Despite Strong Position In Troubled Market, LA Industrial Pros See Some Challenges Ahead
Though the industrial market is still relatively robust, those working in the field see larger issues, such as community pushback and lack of support, as well as the effects of broader commercial real estate turmoil, as monsters at the door.
“Distress in office: That seems to be coming,” Dedeaux Director of Real Estate Investments Rishi Thakkar said. His concern is that capital will shift from industrial to pounce on that distress, resulting in a move away from industrial real estate.
“That does keep me up at night,” Thakkar said.
The CBMS delinquency rate rose slightly from December 2022 to January 2023, from 1.82% to 1.85%, according to a note from Fitch. The increase was boosted by new delinquencies on office and mixed-use property loans, “alongside a continuing high volume of retail delinquencies,” Fitch said.
Industrial delinquencies, by comparison, were at 0.44% in January, the same they had been the previous month, illustrating the fortitude of the asset class relative to its cohorts.
Realterm Associate Vice President TJ Cameron told the audience at Bisnow's Southern California Industrial and Logistics Conference at the Omni Hotel and Resort Los Angeles in Downtown Los Angeles he’s also watching global capital markets closely with an eye on how shifts could potentially come down on industrial real estate.
“If we start to see dislocation in other broader markets, debt or other other real estate products, that will suck capital out of real estate, especially industrial real estate, because it's one of the more liquid assets in real estate right now, so that’s definitely something to watch,” Cameron said.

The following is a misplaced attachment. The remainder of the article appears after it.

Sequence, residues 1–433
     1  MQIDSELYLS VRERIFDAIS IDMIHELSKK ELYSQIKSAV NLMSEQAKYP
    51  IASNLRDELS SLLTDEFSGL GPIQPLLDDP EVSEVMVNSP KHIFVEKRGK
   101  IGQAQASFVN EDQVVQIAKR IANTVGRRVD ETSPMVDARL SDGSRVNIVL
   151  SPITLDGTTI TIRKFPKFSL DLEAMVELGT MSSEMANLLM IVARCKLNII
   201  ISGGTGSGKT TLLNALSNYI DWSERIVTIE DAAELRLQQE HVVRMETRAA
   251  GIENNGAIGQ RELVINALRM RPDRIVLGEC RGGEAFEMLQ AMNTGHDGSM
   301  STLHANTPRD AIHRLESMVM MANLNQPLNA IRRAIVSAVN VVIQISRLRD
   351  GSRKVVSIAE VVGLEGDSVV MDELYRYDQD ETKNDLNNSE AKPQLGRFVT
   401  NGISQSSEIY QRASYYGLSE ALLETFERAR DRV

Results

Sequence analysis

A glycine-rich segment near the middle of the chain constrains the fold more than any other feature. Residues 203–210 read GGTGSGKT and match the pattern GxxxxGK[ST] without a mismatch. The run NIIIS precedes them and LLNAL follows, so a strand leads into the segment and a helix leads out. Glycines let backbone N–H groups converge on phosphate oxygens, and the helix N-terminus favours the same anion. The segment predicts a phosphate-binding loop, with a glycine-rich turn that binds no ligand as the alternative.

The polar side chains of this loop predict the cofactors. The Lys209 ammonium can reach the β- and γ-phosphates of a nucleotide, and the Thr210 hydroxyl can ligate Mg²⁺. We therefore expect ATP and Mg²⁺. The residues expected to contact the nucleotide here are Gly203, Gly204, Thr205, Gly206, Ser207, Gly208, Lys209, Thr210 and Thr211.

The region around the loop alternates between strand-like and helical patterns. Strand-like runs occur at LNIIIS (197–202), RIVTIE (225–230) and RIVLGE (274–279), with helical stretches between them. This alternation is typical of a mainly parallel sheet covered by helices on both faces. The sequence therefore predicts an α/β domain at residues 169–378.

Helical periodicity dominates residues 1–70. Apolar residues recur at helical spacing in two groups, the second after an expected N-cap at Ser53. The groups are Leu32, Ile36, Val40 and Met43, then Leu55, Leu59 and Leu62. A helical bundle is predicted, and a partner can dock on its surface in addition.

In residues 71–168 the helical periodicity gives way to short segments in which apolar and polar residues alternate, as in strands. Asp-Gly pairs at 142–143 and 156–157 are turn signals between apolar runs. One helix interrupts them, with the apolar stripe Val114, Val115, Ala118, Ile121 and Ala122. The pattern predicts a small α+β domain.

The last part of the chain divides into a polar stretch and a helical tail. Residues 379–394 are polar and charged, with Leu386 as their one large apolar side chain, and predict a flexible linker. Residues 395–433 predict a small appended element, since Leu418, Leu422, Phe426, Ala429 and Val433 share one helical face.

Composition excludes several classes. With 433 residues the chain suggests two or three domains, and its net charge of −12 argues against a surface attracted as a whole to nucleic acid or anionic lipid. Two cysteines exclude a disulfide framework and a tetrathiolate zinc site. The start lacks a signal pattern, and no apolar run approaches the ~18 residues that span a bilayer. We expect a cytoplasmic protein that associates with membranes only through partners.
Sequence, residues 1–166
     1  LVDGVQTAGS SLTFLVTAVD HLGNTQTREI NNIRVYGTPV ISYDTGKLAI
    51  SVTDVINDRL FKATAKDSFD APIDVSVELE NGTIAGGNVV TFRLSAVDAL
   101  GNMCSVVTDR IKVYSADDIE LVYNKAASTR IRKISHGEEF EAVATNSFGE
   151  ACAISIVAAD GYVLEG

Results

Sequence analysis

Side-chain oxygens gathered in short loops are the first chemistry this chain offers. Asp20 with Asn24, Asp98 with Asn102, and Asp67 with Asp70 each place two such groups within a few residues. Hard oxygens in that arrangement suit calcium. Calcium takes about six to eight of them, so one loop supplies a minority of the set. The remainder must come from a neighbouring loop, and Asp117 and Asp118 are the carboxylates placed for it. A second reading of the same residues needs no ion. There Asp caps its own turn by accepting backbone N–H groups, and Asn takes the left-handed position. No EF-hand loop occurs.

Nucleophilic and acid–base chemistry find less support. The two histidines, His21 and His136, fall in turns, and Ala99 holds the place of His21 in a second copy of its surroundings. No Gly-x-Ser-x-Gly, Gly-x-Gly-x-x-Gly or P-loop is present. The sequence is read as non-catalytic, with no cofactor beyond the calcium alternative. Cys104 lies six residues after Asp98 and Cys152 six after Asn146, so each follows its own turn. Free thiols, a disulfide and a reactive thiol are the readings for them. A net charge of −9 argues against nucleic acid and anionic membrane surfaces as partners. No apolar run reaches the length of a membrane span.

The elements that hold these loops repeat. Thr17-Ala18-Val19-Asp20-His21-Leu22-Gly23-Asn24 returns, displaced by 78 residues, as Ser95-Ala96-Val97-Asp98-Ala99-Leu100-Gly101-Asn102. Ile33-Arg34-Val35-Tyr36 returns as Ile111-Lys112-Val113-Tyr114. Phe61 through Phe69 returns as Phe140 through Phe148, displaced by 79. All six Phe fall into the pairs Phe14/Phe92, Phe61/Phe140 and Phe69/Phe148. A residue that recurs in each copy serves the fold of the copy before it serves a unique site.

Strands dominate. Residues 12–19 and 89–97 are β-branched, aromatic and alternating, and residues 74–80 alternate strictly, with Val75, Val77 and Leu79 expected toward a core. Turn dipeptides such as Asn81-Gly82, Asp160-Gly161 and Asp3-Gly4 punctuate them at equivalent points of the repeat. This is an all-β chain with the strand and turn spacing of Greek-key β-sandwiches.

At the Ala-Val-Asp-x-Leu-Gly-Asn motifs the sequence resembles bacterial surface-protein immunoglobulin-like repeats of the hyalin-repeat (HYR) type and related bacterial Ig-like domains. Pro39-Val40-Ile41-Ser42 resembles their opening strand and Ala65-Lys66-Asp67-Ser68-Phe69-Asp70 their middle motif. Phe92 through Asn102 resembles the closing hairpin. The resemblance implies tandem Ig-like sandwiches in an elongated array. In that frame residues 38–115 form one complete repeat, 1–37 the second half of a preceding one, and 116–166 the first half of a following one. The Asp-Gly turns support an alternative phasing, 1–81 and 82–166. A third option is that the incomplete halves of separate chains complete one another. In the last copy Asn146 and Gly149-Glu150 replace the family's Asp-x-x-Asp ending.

Another concern is the general resistance to, or lack of support for, new industrial development, not only from community or environmental justice groups, but from cities themselves.
“I don’t know anymore if I’ve been entitled by-right or it’s not been entitled by-right,” Nikols Co. CEO Carrie Nikols said. The Nikols Co. manages the Nikols Mortgage Fund, a private money debt fund.
Nikols shared an experience in which she thought a land loan for an apartment building was approved, only to have the city call back months later to say that they were taking back their sign-off.
“The borrower fought with the city and finally got that taken care of, the city honored the letter they had issued, and then a NIMBY group came and filed suit” for the same issue that the city had disputed.
“The legislative environment is what keeps me up at night: moratoriums, these constant revisions and Not In My Backyard, ‘I want my package in one hour, please, but I don't want to ever see a truck,” Rexford Industrial Real Estate Chief Investment Officer Patrick Schlehuber said.
Concerns about pushback against industrial development, and even related land uses, like industrial outdoor storage, came up throughout the event.
Industrial real estate professionals need to figure out how to participate in the process of legislating and working with communities, Schlehuber said.
“Because otherwise, we're a silent party, and the loudest voice wins,” he said.